• The examination costs you $400 ($300 if you are an SHRM member). The certificate is valid for 3 years (and can be renewed by acquiring certain recertification points by doing online courses, attending seminars, etc.). It is not mandatory that you purchase the digital learning system. This page may be helpful.

(Image courtesy: blog.shrm.org)

Should I do it?

  • Yes, if you want to benchmark yourself, and maybe, study something that you already didn’t know. Or, if you are doing it as a self-confidence booster.
  • No, if you are just doing it for a pay hike. Mostly no organisation—I understand some may still be doing—in India provides with a pay hike for HRs just because they have a certification (but that’s not the case abroad, and some job descriptions specify these certifications as minimum requirements, which is a benchmarking/filtering tactic). However, it can be a distinguishing factor. After all these, I know in person a ton of HR professionals doing much better than me, without an MBA and/or an SHRM Certification. So, it’s just all about what you want.

If you’re not so concerned about the certification, why have you written “SHRM-CP” in your LinkedIn profile name?

I am just being ostentatious.

So, you’re saying that you’re after fancy degrees (or candidates with such degrees)?

Wait there, never did I say that I have high respect for candidates just with fancy degrees. Moreover, I believe in interviews that are based on Behavioral Competencies (from a People standpoint)—BEI as it is called—rather than education texts that fill in white spaces on a resume.

TL;DR: Take an SHRM certification exam (or its competitor HRCI) if you want to benchmark yourself against what is considerably-okay in the industry. You may gain some confidence, too.

Wait, did I write a TL;DR at the bottom? 😉

P.S: Julian has written about how he passed the examination already, my job is reduced by 90% in writing this article and hence not explaining what he has already done.

P.P.S: I would strongly recommend being part of the SHRM community by spending money on their membership. It is really worth it (an online membership would suffice) in terms of strategic/operational documentation that is available on their member-only portal and the community of HRs they have built.

If you have more questions, I am happy to help. Please drop me a message or write in comments (beware: you are going to talk to someone who is known to be incommunicado for longer durations; so please expect the delay).

Also published at: https://www.linkedin.com/pulse/why-did-i-write-shrm-cp-how-go-arunanand-t-a-shrm-cp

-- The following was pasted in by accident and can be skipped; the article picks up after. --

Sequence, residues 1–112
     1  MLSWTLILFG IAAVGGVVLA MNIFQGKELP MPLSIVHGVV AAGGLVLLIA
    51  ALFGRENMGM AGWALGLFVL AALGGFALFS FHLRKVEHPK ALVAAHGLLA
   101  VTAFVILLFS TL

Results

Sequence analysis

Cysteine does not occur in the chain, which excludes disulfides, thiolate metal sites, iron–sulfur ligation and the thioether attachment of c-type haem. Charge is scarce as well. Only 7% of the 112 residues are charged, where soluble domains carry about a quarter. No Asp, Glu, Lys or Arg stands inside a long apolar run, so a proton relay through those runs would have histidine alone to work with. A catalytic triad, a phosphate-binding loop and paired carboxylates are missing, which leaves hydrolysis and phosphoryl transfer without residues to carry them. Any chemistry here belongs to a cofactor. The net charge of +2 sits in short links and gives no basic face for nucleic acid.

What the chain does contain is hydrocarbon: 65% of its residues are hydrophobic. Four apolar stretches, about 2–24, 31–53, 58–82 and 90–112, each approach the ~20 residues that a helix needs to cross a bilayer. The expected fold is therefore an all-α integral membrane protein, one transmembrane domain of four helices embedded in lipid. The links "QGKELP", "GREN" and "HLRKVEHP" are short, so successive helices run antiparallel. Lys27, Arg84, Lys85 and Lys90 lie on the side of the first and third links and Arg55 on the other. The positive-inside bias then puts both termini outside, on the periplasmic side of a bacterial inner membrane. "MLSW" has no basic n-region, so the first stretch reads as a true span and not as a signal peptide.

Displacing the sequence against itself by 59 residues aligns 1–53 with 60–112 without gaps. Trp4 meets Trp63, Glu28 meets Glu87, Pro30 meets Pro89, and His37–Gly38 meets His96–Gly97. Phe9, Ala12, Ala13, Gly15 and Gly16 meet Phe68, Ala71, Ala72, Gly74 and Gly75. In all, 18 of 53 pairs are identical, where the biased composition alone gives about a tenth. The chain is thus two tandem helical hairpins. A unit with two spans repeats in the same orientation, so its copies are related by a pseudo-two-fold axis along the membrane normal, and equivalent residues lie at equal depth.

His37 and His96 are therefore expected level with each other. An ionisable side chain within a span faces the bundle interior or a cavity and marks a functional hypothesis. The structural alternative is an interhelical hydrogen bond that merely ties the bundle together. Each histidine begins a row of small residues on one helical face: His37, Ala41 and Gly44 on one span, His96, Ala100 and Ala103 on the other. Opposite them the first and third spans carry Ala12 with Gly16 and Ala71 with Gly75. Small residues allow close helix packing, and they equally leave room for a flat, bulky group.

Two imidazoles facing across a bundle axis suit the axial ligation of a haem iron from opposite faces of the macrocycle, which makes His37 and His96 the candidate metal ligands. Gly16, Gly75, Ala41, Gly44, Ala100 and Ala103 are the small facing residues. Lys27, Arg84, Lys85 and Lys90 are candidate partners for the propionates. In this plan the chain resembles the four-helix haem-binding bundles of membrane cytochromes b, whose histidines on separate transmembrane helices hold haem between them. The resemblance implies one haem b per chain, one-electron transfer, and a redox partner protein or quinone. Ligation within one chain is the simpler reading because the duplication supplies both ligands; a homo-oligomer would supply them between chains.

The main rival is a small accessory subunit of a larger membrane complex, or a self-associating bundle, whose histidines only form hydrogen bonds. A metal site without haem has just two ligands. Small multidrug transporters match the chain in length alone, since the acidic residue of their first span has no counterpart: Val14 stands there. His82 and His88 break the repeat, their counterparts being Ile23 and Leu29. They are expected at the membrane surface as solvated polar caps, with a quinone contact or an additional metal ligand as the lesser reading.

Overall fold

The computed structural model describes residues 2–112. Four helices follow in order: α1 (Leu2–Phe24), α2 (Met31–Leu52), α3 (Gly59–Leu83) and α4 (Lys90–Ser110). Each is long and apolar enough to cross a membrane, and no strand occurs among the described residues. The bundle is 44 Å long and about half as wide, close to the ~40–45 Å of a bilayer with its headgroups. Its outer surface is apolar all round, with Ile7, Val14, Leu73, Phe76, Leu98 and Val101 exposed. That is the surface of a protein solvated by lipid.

Work From Home Musings

Here’s the snapshot of my WFH experience (though I’ve done it in the past, not as many continuous days as this time).

Work From Home, Working From Home
Image Courtesy: www.entrepreneur.com
  1. Gained weight. I was on a consultant diet for the last three weeks and had lost 3 kgs. Looks like I eat at leisure while at home and gained 2 kgs over the last one week.
  2. I eat my meals on time, but while at the office I am known to procrastinate meals and eat them all together later. However, I drink less water while at home. And I miss pantry talks.
  3. Missing the office AC. The room where I’ve set up my work from home corner is damn hot. Internet at the office was heavenly, too.
  4. Missing my people around, especially the G&A team of FullContact. Meetings having been moved online, I’ve started missing meeting people in real. Added to it, I am in HR.
  5. I fail to switch to work attire though many on the web suggest doing so.
  6. Productivity swings. At times, I am underproductive while productivity soars up sometimes.
  7. Feeling unnaturally sleepy after lunches (while at the office, it doesn’t happen quite often).
  8. Kid at home & Working at home together is a bad idea.
  9. Last but not the least, I am living two more days in a month. I have a two-hour transit daily, multiply that by 24 and you get 48 hours = 2 days!

Did your employer ever deny the Experience Certificate? Read on.

Indian labour laws are, majorly, employee-centric than employer-centric. Though this is the state of the act, most employees are not aware of their rights per various labour laws of the land. Or else, many employers purposefully do not educate their employees of the latter’s rights at the workplace.

One of the major threats many young professionals face from disgruntled employers is ‘we will not issue the experience certificate unless you do x or y‘. Not issuing an experience certificate is, unfortunately, used by many HRs and management as a tool to get something done by the employee. This something could be repayment of what the employee owes to the company, the employee not serving the notice period, etc.